Bell pepper diced up and spread on a cookie sheet to freeze before dumping in to freezer bags keeps the pepper pieces from sticking together to form one big ice lump. I use the same method to preserve fresh berries and even grapes.  
 
  
Collard greens are another crop that grows so abundantly here in the South that you are guaranteed to have more than you can use at once. Being from California, greens were a dish that I had to grow to love but since my Southern husband and daughter in-law love them I decided to give them a try and now I do like them and grow them too. To prepare any kind of greens, first the stem must be removed (I feed those to my rabbits) and then the leaves can be diced into smaller pieces and quickly blanched in a pot of boiling water for about 2-3 minutes and then rinsed in cold water or dunked in ice water, drained and then put into freezer bags for later use. I do the same with excess kale and even cabbage. I think anything from brassica family could be blanched and frozen. I sometimes will puree the Kale into a more liquid form to add to smoothies since it is so highly nutritious. I have yet to master Kale chips, I hear people rave about them but mine tasted kind of like dirt so until I find a more tasty way to make them I will pass.
 
I know for many these tips may sound simply basic, but for people like me who grew up with TV dinners and boxed mac n cheese they are new and valuable skills to learn, allowing me to save my harvest and save money by reducing wasted produce.
 
Collard Greens:
 
 
 
 
 

Thursday, March 6, 2014

Homesteading Heartstrings

If you have read my blog in the past you may notice that I changed the name of my blog again. I decided that this blog is about the journey, the process of getting to where I am going and one that will probably never be fully completed. So for now that title feels more fitting.

There are so many amazing blogs out there about homesteading and self sufficiency that it makes me wonder if I really have anything to contribute to the mass of information already out there. But, after so many months away from blogging I find that I really do miss it.  I miss making note of the things that I continue to do on a daily basis that are out of the ordinary in this age of convenience. I miss the interaction with other like minded people as well.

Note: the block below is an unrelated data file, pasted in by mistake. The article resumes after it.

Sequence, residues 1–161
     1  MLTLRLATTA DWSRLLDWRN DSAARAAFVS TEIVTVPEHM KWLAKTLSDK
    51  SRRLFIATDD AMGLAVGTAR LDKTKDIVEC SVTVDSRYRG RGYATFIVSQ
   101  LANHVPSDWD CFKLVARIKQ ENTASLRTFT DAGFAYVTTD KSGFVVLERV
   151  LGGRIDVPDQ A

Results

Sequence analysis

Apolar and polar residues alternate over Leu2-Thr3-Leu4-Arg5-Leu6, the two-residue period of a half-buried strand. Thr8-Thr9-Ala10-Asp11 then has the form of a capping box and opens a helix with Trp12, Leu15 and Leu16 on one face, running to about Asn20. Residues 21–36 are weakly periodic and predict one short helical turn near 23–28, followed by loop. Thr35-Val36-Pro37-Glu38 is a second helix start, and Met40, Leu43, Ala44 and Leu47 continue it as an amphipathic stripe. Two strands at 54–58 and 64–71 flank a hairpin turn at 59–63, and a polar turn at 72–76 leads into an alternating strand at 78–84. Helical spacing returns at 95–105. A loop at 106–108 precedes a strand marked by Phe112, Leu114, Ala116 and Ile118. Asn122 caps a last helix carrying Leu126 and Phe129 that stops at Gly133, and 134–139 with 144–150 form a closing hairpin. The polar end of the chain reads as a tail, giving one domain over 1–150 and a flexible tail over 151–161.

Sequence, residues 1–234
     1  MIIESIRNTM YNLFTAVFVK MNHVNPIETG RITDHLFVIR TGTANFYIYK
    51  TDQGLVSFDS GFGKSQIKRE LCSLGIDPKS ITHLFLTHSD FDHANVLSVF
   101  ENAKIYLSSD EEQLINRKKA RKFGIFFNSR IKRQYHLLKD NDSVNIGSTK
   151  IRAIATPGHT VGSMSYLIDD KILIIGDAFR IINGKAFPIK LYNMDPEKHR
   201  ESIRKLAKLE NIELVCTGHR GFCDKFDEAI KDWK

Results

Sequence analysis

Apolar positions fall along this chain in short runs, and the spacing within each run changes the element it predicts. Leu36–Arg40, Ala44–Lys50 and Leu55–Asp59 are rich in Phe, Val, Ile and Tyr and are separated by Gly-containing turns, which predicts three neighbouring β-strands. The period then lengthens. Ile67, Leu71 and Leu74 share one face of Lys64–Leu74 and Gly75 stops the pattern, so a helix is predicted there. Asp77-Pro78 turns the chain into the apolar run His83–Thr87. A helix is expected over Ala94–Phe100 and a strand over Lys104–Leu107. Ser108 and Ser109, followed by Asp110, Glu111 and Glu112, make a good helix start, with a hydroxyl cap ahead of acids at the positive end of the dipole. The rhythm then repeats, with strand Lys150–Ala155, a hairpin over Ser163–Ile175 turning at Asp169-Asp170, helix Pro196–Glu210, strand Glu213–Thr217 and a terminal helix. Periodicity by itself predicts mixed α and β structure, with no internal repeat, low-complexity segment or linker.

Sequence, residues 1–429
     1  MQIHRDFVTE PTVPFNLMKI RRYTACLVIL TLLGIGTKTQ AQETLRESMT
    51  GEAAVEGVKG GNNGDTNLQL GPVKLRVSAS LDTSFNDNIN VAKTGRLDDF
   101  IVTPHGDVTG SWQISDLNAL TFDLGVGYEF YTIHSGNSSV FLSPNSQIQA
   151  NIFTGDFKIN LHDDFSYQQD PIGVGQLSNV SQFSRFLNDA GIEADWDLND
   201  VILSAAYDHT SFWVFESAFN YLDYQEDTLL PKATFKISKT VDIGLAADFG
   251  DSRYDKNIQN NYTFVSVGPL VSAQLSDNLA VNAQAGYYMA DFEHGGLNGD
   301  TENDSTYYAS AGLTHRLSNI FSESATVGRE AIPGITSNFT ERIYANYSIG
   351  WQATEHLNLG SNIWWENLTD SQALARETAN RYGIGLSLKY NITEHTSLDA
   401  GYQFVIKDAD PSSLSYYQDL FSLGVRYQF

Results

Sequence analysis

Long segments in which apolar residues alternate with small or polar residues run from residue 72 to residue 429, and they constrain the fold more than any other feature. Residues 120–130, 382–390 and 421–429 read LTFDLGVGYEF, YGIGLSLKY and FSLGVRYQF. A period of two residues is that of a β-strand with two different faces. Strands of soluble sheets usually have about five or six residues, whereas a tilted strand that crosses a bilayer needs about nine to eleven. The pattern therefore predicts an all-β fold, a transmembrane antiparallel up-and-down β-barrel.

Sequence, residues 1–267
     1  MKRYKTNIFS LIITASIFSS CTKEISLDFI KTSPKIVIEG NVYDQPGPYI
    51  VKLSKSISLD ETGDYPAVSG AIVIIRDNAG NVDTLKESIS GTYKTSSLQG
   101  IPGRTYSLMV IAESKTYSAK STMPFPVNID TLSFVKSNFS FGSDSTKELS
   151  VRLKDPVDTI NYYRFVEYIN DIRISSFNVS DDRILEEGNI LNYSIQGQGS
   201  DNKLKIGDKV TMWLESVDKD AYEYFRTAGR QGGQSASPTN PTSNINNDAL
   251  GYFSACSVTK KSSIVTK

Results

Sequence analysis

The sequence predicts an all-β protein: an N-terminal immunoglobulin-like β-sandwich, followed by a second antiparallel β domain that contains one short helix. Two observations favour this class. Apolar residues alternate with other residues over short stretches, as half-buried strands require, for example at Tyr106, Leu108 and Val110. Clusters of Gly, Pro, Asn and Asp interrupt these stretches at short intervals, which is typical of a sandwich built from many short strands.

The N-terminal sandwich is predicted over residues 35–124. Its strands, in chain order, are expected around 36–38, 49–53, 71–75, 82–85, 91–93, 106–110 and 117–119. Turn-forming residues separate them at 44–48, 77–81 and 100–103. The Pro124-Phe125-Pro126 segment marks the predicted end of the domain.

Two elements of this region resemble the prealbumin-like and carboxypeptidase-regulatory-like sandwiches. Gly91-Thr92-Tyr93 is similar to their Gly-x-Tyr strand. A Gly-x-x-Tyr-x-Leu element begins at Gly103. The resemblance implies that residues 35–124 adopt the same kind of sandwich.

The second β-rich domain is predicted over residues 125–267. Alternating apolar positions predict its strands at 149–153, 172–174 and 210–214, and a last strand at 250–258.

In my day in and day out life I am a nurse on a critical care unit and there a very few people who understand my fascination with this kind of a lifestyle, heck I don't understand why I feel so strongly pulled towards a harder way of living but I always have been. There is something in me that gets the most amazing satisfaction in laying out an entire meal on the table that was produced entirely on my own land, from the animals that I have raised and from the sweat that went into the vegetables that I have grown in my own yard. I have written before about how strongly I feel that we need to keep these old skills alive and pass them down to our children and grand-children. I still feel that way.

These days prepping for disaster has become a popular thing to do and I am all for that but if one of those scenarios does come to pass there had better be plenty of people around who know how to start from scratch and exist when the canned foods run out.  I definitely don't shun modern living, I think the internet is the greatest thing to ever happen in my life but I think that we take it all for granted and assume it will always be there, what if it were not? Could we get by? I digress, that is a topic for another blogger.

With those thoughts in mind,  I am re-dedicating myself yet again to continuing this blog even if only for the personal satisfaction of making note of this journey that I am on. Through all of the ups and downs in my life I always come back to the same place in my heart, the desire for a little place of my own in the middle of nowhere. A place where I can put down permanent roots and settle into the task of building a working homestead with gardens, chickens and goats to start with. Room to ride my horses for miles and a place that my grandchildren can run wild on and look forward to visiting. I am not there yet but I continue to work towards that goal daily, paying down my land, learning new skills and perfecting the ones I have already learned. I hope to do a better job of  making note of what I am doing regularly so that other like me can learn from my successes and failures along the way.